Learning Ham Radio

Learning

 

What is Ham Radio?

Ham Radio, or Amateur Radio, is an activity where people, called “Hams,” message each other over radio on specific frequencies for non-commercial purposes. It’s a mode of communication that’ll get through when cell phones fail, when the internet doesn’t work, and when all other systems are down.

In other words, it’s a place where particular nerds like to congregate and prepare for the apocalypse… or other natural disasters.

Can I get into it?

Yes! Anyone from any walk of life can become a Ham. There’s even a radio on the International Space Station. You do need a license to operate the amateur radio frequencies though. That’s because radio frequencies don’t stop at international borders and radio is regulated by international laws.

I got my license earlier this year by testing at my local Red Cross. The older folks were pretty surprised to see a young woman walking in for the exam but they were also very welcoming.

How difficult is it to get a license?

The test itself is not very difficult. Most of it is common sense with a little bit of Ohms law and new terminology sprinkled in. After you studied your butt off (psssst the question pools are all posted online), all you need is $10, a photo ID, your social security number, and a pencil.

There are three levels of licenses. In order of increasing difficulty to get and privileges, the three levels are Technicians, General, and Amateur Extra.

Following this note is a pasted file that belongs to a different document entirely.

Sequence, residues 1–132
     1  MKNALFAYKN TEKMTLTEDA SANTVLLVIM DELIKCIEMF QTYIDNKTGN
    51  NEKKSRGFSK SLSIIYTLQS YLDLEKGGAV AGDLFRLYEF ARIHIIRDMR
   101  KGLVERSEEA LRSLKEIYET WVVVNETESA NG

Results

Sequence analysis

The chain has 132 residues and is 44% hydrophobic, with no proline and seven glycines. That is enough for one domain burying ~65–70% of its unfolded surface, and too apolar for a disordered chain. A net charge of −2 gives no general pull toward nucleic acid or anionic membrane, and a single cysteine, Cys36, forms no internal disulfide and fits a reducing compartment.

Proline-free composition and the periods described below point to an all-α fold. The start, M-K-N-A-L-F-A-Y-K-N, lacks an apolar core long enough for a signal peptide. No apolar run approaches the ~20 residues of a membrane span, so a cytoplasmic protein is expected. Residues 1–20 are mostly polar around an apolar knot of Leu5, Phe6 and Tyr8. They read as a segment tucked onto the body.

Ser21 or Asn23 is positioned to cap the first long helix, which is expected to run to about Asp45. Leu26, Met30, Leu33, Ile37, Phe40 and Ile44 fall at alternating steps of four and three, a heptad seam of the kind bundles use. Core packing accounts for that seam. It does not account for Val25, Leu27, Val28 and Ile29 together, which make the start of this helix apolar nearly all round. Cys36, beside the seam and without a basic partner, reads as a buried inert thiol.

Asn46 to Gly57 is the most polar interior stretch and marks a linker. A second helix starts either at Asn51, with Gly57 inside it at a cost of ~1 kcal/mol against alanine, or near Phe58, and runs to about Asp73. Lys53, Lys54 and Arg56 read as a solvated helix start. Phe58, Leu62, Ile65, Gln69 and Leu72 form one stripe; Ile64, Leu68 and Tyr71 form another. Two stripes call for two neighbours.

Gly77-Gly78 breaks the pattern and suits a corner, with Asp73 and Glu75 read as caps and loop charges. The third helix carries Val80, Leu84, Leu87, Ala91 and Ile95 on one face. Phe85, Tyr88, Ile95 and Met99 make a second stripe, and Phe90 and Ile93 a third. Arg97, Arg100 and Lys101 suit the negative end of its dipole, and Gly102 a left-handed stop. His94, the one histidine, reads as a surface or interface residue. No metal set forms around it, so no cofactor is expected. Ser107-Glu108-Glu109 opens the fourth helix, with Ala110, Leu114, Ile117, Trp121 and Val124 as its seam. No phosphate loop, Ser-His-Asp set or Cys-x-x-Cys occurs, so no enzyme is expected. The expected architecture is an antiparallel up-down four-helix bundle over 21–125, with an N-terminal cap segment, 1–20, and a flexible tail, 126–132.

What radio do I get?

It seems like the most popular way to go is to get a short-range handheld radio that you can hook up to a repeater (radio towers that can send your signal a farther distance than your radio can), to talk to people all over the country. I ran into a little problem very early on. I got a Baofeng UV-5R, but the repeaters in my area are all dead silent! Either I’m not in range of a popular repeater that all the Ham’s in my town are gathering at or I haven’t found the right frequency. I’m not giving up Ham Radio yet though! I’m currently in the process of setting up Echolink. With Echolink, computers work as transceivers. Hams can talk to each other over the internet! Oh the endless possibilities.

I’m currently waiting for my callsign to get validated but once it is, stay tuned for a very exciting first contact!

If there are any Ham’s out there, let me know! And lend me your wisdom! I’ve been struggling a bit but I’m so excited to discover more. I’ve already learned so much about IP addresses, radio frequencies, morse code (which isn’t a requirement for a license anymore), antennas, and met amazing people.

Sincerely,

KD2KGU

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